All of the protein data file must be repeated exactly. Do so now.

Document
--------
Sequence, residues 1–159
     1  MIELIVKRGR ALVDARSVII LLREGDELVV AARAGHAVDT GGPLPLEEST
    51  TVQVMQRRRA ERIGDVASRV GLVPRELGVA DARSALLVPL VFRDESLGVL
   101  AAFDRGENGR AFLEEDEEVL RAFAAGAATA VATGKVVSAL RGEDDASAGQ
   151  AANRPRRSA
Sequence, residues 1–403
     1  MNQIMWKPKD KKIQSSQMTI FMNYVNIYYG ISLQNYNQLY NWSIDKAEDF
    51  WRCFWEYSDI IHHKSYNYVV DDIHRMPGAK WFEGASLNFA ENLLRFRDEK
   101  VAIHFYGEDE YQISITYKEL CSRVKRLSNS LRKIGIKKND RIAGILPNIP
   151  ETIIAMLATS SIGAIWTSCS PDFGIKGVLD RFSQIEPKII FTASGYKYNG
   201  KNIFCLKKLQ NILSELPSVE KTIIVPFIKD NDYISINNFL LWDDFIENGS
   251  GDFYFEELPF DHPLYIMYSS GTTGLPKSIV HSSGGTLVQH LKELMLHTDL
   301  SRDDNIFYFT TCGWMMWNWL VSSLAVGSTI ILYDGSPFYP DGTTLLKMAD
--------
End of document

Sequence, residues 1–159
     1  MIELIVKRGR ALVDARSVII LLREGDELVV AARAGHAVDT GGPLPLEEST
    51  TVQVMQRRRA ERIGDVASRV GLVPRELGVA DARSALLVPL VFRDESLGVL
   101  AAFDRGENGR AFLEEDEEVL RAFAAGAATA VATGKVVSAL RGEDDASAGQ
   151  AANRPRRSA
Sequence, residues 1–403
     1  MNQIMWKPKD KKIQSSQMTI FMNYVNIYYG ISLQNYNQLY NWSIDKAEDF
    51  WRCFWEYSDI IHHKSYNYVV DDIHRMPGAK WFEGASLNFA ENLLRFRDEK
   101  VAIHFYGEDE YQISITYKEL CSRVKRLSNS LRKIGIKKND RIAGILPNIP
   151  ETIIAMLATS SIGAIWTSCS PDFGIKGVLD RFSQIEPKII FTASGYKYNG
   201  KNIFCLKKLQ NILSELPSVE KTIIVPFIKD NDYISINNFL LWDDFIENGS
   251  GDFYFEELPF DHPLYIMYSS GTTGLPKSIV HSSGGTLVQH LKELMLHTDL
   301  SRDDNIFYFT TCGWMMWNWL VSSLAVGSTI ILYDGSPFYP DGTTLLKMAD